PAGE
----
Perhaps it was a reach, but in defeat Thursday, Lowe acknowledged a parallel between his ousted Edmonton Oil Kings and a certain Stanley Cup dynasty his father, Kevin Lowe, patrolled the blueline for three decades ago. It's apples-to-oranges to compare major junior hockey with the NHL, but the younger Lowe knows the story well.
The 1980s Oilers took two big pratfalls in the playoffs — losing in 1982 to the Los Angeles Kings after finishing 48 points ahead of them and being swept by the New York Islanders in the '83 final. Then they won those five Stanley Cups. That was another time, another level of hockey. With combination of the Oil Kings' youth, an average age of 17.5 years, and ignominy of being the first team eliminated at the MasterCard Memorial Cup, it fits. At least in scale-model terms.
"It was in Wayne Gretzky's book," said the 6-foot-3, 186-pound Lowe, who was drafted by the Carolina Hurricanes last summer after deciding that joining the Oilers would be an awkward fit since his dad is the club president . "I was reading it one time, they lost to the Islanders and walking by their room on the way out of rink the door's open and they say their guys sitting in front of their stalls with ice bags everywhere, banged up. They realized that's what it takes to win.
"I'm not saying our team didn't do that. But maybe this will help us next year."
The thread is a team which went home feeling it left something in the tank. By unwritten rule, a defeat in sports requires a good ketchup answer — something that covers anything. The Oil Kings' explanation is that they weren't ready to win a Memorial Cup, with an average age of 17.5 years old.
"It's a short-term competition, anything can happen," coach Derek Laxdal said. "I've talked to a few players who have been to more than one Memorial Cup and they said they were paralyzed the first one."
London was young, too
The London Knights, of course, are through to Sunday's final with a lineup whose core includes the rookie Max Domi and other players under age 18 such as defender Olli Määttä and forwards Andreas Athanasiou, Josh Anderson, Matt Rupert, Ryan Rupert and Chris Tierney. They do, however, have more players who are likely to graduate to pro hockey next season.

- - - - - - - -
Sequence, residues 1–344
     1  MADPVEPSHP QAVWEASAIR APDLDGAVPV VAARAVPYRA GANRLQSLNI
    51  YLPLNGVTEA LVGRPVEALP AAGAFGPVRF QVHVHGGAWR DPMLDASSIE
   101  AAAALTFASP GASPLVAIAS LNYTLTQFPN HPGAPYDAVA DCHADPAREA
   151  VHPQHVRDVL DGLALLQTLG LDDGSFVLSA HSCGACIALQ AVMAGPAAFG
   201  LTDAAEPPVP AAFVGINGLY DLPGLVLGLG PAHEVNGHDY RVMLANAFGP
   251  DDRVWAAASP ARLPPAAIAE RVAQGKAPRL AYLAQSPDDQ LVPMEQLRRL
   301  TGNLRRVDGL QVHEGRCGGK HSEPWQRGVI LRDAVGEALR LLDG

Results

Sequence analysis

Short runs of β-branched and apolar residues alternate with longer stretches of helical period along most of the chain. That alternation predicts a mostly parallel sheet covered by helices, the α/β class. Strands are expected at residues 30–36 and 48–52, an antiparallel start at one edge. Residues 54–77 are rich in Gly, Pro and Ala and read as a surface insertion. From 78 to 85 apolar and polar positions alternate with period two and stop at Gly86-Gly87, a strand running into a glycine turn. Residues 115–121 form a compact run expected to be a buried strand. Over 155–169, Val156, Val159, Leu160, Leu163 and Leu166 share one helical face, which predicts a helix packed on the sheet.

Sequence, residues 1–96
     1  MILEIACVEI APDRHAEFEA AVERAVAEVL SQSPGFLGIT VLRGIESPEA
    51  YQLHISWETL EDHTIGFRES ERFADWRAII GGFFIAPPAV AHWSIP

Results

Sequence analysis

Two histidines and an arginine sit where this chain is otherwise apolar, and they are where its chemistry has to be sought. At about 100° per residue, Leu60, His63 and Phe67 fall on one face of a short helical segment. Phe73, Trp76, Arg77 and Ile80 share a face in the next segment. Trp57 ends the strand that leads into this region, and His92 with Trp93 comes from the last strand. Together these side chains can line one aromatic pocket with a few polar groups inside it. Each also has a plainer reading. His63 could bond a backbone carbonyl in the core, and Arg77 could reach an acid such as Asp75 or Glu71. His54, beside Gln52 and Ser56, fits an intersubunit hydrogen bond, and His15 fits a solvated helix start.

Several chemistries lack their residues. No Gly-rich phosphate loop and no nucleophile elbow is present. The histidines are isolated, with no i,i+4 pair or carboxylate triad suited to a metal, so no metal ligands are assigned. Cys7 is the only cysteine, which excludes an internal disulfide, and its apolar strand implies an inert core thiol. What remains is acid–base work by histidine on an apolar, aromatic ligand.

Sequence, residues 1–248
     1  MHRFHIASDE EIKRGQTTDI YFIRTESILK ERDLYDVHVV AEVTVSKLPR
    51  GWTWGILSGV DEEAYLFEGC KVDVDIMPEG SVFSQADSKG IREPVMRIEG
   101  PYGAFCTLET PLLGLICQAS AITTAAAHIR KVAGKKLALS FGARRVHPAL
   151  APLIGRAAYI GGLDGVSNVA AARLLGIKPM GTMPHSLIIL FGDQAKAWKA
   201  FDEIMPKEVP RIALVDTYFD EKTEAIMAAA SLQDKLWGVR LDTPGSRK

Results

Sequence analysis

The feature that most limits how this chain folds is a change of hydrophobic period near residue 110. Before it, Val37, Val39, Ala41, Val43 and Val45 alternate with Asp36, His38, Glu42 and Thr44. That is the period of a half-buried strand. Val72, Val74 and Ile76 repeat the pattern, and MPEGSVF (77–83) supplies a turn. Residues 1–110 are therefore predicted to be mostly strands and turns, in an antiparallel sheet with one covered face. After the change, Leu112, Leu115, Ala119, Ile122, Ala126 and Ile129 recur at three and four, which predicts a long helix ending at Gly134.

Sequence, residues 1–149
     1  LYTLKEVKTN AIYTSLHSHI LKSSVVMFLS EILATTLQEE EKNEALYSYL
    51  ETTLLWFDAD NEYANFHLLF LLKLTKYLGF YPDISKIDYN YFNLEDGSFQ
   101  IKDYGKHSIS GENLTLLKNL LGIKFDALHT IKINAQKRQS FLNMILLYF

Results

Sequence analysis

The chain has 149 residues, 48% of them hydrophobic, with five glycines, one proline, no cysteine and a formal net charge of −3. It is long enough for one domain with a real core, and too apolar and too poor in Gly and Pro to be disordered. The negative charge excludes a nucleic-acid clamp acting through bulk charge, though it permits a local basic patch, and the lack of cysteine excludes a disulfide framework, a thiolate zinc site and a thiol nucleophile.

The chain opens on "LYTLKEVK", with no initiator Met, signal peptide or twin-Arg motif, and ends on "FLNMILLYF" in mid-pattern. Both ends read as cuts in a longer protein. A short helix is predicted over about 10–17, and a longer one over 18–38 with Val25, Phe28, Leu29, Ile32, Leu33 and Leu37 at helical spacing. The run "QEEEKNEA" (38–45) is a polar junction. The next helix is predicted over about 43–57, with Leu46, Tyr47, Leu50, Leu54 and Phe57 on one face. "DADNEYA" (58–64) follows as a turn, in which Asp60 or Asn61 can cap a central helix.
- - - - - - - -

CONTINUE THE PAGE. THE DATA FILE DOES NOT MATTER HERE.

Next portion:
Edmonton is young up and down its roster. That's why Laxdal — whose team did have the distinction of being the sole team in Shawinigan that didn't get fined by the CHL during the tournament — didn't hesitate to send a we'll-be-back message. Whoever coaches the team, pending questions about whether Laxdal will return to the pro ranks, will be getting the keys to a Porsche.
"We've got 20 guys out of our group of 25 coming back. Our message right now and in the dressing room tonight is that our goal is to get to Saskatoon," Laxdal said in reference to the site of the 2013 Memorial Cup.
The Oil Kings will have to do so while playing in the same conference as the host Saskatoon Blades, who are already loading up in a bid to bring The Paris of the Prairies its first major junior hockey championship. As Laxdal noted, their nucleus will hardly be touched. Captain Mark Pysyk will move up to the Buffalo Sabres organization. Latvian left wing Kristian Pelss was signed by the Oilers, signalling there will be an open import slot.
Edmonton doesn't have a surfeit of overage candidates to replace departing forwards Tyler Maxwell, Jordan Peddle and Rhett Rachinski. Aside from Pelss and Pysyk, wingers T.J. Foster and Dylan Wruck are the only players headed into their 20-year-old seasons.
Rookies Curtis Lazar and Henrik Samuelsson were part of Edmonton's only reliable line throughout the tournament. Defensively, 6-foot-4 Griffin Reinhart is more developed than Pysyk was at the same point two seasons ago. Lowe and Oilers draft pick Martin Gernat offer savvy and skill on the back end, if not a mean streak. Ashton Sautner is just a pup, but is pegged as a future power-play quarterback.
Laurent Brossoit was hailed as Canada's best junior goalie before the Memorial Cup turned nightmarish for he and his team.
The Memorial Cup piled on top of what Lowe called a "marathon" seven-game WHL final vs. the Portland Winterhawks was too much for the Oil Kings. It was like piling pancakes and syrup on to a night of beer drinking. In the long run, though, they have a year to sweat it off, so to speak.
'Just satisfied' to win WHL
The year-end tournament gets much more national media attention than league playoffs. The latter, though, is more fraught with drama and emotion, stretching across eight weeks rather than 10 days. The Oil Kings found that optimal state, that elusive inch from Al Pacino's Any Given Sunday speech, against Portland.
It never returned. A year from now, they might know how to keep that inch.
"I think after that series we were almost just satisfied with that win and weren't able to regroup for this tournament here," Reinhart said. "We're a young group so experience was a factor. It's the best junior hockey in all of North America. We'll take a lot of positives from it.
The disappointment was so abject Lowe was even asked point-blank if it meant winning the Dub didn't matter as much. Not a chance. Like his dad, there ought to be a hunger born out of the hurt of feeling you could have done more.
"If we didn't get here it means we didn't win the WHL championship. You would never wish that upon your team. We wish we could have done better. The 20-year-olds and the 19-year-olds, I wish them all the best. We know how bad this stings now to get this far and be the first team out so there's some motivation for next year."
Neate Sager is a writer for Yahoo! Canada Sports. Contact him at firstname.lastname@example.org and follow him on Twitter @neatebuzzthenet.
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